Echinacea: A Healing Plant

By Brenda Williams

Echinacea is a member of the botanical family asteraceae commonly known as asters. The genus is echinacea and there are several species but only three are used for medicinal purposes. These are: E. purpurea, E. angustifolia, and E. pallida.

The species can be distinguished from one another by the color of their flowers. Echinacea was originally used medicinally by the Native American tribes. The Lakotas referred to E. angustifolia as Icahpe hu. They used it to heal snake bits, sepsis and rabies. The Dakotas used echinacea for eye infections and also as veterinary medication for the horses. The Choctows and Cheyennes used it for coughs and colds while the Comanches treated sore throats with Echinacea and the Blackfoots used it for toothaches. Altogether echinacea is known to have been employed as medication by over 14 Native American tribes. It is possible that they used all of the species.

During the 1800's, H.C.F. Meyer made a commercial medicine from E. angustifolia. After learning of this, three physicians, Dr. Lloyd, Dr. John King and Dr. Meyer began to study the healing properties of the plant. The results of their studies led them to recommmend its usage. Ellingwood's 'American Materia Medica' listed it as a treatment for syphilis, typhus, diphtheria, chronic mastitis, and tuberculosis. It became highly popular in the United States and in the early twentieth century was a top selling drug. It remained so until the discovery of antibiotics such as penicillin. Americans discontinued its use when the American Medical Association labeled it worthless in the 1930's. However, people in Europe continued to be enthusiastic about echinacea. This was particularly true in Germany.

During the 1930's, a German physician, Dr. Gerhard Madaus, started to do extensive research on echinacea. He visited the United States to purchase seeds from chinacea Angustifolia which was the species used in medicine at that time. Unknowingly, he returned to Germany with seeds from Echinacea purpurea. He continued his studies and research and finally developed a product known as Echinacin. This is manufactured from the flowers, leaves and stems of the plant and is still available today. Echinacea is available as a tea, capsule or extract. It can also be harvested wild in some states. Other states have listed it as an endangered species.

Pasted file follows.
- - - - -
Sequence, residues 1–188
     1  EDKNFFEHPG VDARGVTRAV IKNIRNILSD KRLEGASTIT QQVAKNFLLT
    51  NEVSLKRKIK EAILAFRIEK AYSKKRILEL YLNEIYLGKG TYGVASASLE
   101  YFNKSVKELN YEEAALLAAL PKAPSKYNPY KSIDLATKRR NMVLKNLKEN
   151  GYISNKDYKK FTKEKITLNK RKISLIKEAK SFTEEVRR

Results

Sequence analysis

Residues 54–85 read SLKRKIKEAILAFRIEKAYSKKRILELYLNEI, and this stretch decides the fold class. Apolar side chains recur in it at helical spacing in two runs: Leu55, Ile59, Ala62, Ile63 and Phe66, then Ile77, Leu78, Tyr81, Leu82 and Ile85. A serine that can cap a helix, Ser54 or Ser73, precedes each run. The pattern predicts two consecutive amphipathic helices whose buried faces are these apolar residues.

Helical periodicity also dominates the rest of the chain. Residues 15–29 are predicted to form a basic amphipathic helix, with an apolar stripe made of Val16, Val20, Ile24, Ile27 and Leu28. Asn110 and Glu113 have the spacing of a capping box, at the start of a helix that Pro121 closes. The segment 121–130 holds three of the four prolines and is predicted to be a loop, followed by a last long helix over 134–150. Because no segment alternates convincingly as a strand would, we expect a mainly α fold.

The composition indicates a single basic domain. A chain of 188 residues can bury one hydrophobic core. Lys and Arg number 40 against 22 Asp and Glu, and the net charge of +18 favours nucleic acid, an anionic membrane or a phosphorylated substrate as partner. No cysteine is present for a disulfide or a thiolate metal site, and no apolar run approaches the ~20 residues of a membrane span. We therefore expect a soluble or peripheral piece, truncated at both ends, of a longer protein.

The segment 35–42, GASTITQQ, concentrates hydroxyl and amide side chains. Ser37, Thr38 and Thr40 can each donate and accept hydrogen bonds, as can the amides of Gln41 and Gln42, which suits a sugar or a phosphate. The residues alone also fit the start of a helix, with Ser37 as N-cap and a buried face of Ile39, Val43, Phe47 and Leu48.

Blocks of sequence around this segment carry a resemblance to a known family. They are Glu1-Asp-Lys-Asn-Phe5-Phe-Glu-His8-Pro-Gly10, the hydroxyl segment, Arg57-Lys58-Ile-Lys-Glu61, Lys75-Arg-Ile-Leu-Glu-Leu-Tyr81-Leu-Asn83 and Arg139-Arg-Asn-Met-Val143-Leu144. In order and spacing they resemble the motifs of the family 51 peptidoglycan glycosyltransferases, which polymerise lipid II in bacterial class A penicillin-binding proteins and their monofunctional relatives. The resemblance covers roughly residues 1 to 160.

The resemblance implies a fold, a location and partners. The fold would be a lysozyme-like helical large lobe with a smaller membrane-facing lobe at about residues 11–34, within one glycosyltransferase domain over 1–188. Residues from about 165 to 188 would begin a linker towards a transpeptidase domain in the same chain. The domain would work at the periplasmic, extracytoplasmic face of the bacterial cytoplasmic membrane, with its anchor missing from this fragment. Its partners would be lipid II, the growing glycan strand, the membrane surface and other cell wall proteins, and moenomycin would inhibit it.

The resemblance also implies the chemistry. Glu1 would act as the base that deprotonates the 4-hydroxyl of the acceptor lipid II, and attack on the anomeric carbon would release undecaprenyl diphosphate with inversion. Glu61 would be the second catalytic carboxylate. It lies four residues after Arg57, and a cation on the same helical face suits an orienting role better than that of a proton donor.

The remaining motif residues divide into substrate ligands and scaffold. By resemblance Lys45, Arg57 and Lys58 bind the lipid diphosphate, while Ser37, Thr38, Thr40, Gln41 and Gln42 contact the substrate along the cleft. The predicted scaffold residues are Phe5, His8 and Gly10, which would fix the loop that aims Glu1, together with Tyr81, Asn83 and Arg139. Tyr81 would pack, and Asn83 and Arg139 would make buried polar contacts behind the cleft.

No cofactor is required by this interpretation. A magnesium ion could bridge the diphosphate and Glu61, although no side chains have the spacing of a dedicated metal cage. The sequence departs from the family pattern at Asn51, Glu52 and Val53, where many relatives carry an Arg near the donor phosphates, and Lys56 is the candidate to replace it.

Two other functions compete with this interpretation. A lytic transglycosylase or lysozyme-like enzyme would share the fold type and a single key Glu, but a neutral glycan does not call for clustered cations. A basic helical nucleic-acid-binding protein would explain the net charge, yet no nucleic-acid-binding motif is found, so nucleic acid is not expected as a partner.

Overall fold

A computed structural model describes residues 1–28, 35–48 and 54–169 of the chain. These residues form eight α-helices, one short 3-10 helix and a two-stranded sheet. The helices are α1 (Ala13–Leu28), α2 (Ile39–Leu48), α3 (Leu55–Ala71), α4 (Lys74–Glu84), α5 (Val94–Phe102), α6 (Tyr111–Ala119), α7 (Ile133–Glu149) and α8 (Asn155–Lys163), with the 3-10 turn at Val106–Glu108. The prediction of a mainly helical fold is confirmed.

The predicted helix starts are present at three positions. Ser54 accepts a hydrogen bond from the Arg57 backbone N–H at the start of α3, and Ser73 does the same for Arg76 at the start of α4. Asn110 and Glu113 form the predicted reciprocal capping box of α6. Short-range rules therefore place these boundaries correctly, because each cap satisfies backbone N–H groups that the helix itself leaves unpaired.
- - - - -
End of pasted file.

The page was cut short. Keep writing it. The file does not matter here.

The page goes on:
Echinacea is easy to cultivate and thrives in sunny, dry environments. Echinacea boosts the immune system, and helps to prevent colds and flu. The recommended dosage is 300 to 500 mg. taken four to five times daily. While its main popularity has been as an immunity booster and cold fighter it is useful in fighting yeast infections. Echinacea is also available as a cream. And when used topically it provides relief for canker and cold sores. Echinacea is a controversial herbal remedy. Many research studies have been performed. Some have concluded that it has no benefit in boosting immunity or relieving cold symptoms. But studies in England and Europe have opposite results.

Regardless of what scientists say or don't say echinacea is one of the top selling herbs in the United States so it has a high following amongst the general public.